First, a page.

Precis’s final “I Never Noticed” item is the control for her in-game weapon, the mechanical hands. She’s using a PlayStation controller and, specifically, the DualShock version. If you look closely, you can tell she is actually holding a controller in battle as well. Cleverly, for the PSP remake of Star Ocean: The Second Story–titled Second EvolutionPrecis is using a PSP as her controller instead of the DualShock.

And Sash has Made All the Difference: A Lesson from Covet Fashion

I’ve been accidentally hooked on iOS game Covet Fashion for the past week. Despite writing on a site solely dedicated to games and fashion, I’d never really explored the most obvious intersection of the two and played a “dress-up game.”

Okay, that’s a lie: I played the America’s Next Top Model game for about a day straight, but gave up after it kept forcing me to wear the same pair of shorts to every go-see. The human body, and its shorts, have limits.


Covet Fashion has held my attention longer thanks to a steady supply of new and varied clothes that you not only have relatively easy access to, but can try on at any time. The game is basically a never-ending “Who Wore It Best?” competition between paper dolls where you create a themed look, (e.g. “cheerleader” or “gothic bride,”) and then submit it for player voting.

During voting, players are shown player-created looks in pairs and pick whose they prefer for the given theme: the winner gets a few points while the loser loses the same amount. This continues until the end of the voting period, when everyone receives their final score and any associated prizes (more clothes).


Anyway, while voting and being voted on is a nice vindication for your obviously brilliant fashion eye, the real point of this game is playing dress up. You have a crazy amount of items to choose from in almost every category imaginable: dresses, tops, skirts, leggings, sweaters, bags, jewelry, socks, you name it. Although you can only wear items you “own” after purchasing with in-game currency, you are free to try on items without buying them. This is how I came to discover my love of sashes.

Having played only a week, my wardrobe is still fairly barebones. A few dresses, an unnecessary amount of bags, a single pair of shorts (again, dammit!).

I was struggling with variation: I used the same dress for “celebrity birthday party,” “dinner at Michelin Star,” “lunch in Napa Valley,” and “top designer party.” It was getting tired.


Then, upon pulling out my over-worn white dress for “Heron goddess,” I tried something crazy: a light blue sash. All of the sashes are from past seasons, which means they cost rare diamonds instead of readily-available cash.

Despite the price, as soon as I saw that sash in action, I couldn’t bring myself to remove it.


The sash made all the difference. It was like a new dress. It provided color, shine, a focal point, and a really defined waistline.

I started using the sash for everything. “Wisteria ball”? Sash! “Pastel delight”? Sash! “Butterfly fete”? Sash, sash, sash!


It turns out, people don’t like the sash. Wisteria ball: 3 stars. Pastel delight: 3 stars. Butterfly fete: voting is still out, but I have a guess what it’ll be. Point taken: if I want to succeed in this world, I need to ditch the sash.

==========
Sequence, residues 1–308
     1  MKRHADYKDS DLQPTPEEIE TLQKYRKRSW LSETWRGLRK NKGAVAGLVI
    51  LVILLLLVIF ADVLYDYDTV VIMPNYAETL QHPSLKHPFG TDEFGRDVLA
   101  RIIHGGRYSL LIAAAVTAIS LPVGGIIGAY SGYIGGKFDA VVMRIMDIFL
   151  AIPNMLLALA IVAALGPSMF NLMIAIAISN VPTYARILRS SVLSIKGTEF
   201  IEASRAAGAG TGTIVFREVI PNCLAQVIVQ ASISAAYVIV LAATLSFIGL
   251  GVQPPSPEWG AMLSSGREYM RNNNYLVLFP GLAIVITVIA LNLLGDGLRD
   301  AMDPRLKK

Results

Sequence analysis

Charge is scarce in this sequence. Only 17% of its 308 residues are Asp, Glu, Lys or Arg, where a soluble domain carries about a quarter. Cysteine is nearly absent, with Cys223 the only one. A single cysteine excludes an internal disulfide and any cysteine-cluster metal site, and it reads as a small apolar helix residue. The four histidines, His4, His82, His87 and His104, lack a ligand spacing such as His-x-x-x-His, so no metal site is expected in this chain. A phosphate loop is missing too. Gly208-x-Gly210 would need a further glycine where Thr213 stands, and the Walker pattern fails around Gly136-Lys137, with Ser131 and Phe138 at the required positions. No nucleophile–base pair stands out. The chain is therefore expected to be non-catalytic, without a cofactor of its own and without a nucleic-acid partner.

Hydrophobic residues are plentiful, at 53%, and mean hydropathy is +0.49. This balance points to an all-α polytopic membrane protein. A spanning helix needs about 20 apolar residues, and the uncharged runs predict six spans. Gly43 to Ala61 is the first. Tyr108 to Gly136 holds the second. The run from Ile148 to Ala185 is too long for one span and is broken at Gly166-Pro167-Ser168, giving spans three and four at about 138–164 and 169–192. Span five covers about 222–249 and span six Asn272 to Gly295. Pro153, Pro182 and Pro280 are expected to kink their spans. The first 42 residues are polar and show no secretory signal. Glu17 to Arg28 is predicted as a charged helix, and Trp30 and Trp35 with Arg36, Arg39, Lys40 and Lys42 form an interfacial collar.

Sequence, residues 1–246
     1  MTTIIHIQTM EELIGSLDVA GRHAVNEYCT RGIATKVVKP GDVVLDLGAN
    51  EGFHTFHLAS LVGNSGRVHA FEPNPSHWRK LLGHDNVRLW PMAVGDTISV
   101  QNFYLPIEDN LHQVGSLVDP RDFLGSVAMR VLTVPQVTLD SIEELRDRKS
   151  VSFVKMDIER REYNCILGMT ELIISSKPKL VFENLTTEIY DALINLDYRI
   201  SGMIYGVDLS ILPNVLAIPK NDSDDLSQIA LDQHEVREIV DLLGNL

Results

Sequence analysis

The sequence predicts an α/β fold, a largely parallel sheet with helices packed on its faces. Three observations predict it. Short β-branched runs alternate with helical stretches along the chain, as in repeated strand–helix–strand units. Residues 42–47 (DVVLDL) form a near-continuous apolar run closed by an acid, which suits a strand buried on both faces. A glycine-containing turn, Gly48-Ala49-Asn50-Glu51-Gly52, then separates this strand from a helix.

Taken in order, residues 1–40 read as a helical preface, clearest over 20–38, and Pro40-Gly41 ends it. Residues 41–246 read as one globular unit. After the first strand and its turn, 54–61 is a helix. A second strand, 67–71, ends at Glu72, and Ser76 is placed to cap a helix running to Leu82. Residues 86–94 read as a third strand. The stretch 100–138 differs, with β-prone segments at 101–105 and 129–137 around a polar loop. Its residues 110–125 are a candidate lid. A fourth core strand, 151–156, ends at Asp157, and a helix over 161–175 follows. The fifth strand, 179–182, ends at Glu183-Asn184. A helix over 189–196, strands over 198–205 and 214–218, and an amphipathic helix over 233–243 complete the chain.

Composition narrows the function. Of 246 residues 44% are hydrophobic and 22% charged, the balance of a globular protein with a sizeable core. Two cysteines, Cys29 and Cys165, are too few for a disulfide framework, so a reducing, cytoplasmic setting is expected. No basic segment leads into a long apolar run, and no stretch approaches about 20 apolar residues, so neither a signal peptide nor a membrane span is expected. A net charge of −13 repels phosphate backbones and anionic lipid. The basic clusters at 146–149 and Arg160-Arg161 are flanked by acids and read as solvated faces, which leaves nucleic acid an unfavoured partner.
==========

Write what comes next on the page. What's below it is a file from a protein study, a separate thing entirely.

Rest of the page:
But the sash has become almost a signature item for me now. It’s my Covet Fashion personal style. Is that worth sacrificing to win a pink sweater?

Is it still fashion if I just do exactly what everyone else is doing?


I say no.

Even if it must stand alone, the sash lives on.


Crossy Road’s New Characters Reminded Me: There’s Something Wrong with Knuckles

Crossy Road has been my mobile addiction for the past few months, but there’s little opportunity to discuss voxel animals’ unclothed appearance here on Final Fashionista. However, the game’s most recent update introduced a slew of adorable Australian characters, including one that was familiar in name thanks to the Sonic the Hedgehog series, yet totally unrecognizable in appearance: the echidna.


This guy is a ridiculously cute ball of spiky beaver/platypus, with an anteater-like tongue, pointy beaklike muzzle, and thick sloth-toes. Turns out, like most of Crossy Road‘s creatures, it’s a pretty accurate representation.

What have we been accepting as an echidna in Video Game Land all this time? Knuckles, who was introduced in Sonic 3 way back in 1994.


Even ignoring the ten-ton bowling shoes and evil Mickey Mouse gloves, Knuckles shares very little in common with the adoraball above. His “spikes” have been elongated into a bob of droopy dreads, his nose is a cross between Homer Simpson and a greyhound, and he has a randomly long lightning bolt tail (unlike the thick, stunted, and super spiny nub of real echidnas).


Granted, Sonic isn’t a true-to-life hedgehog, but he at least shares specific traits with his origin species. He has actual spikes, pointy hedgehog ears, a tiny button nose, and even appropriately skinny legs. The blue might make a first-glance classification difficult, unlike Tails (who is so obviously a fox that you can still tell while he’s helicoptering around), but “hedgehog” is at least an understandable explanation for ol’ blue fur.


Unlike this, which has become even less echidna-like over time. Knuckles in Sonic Boom has legs that are even longer, skin that is even smoother, hair-spikes that are even droopier, and a face that is even flatter despite his species’ relation to the long-beaked platypus.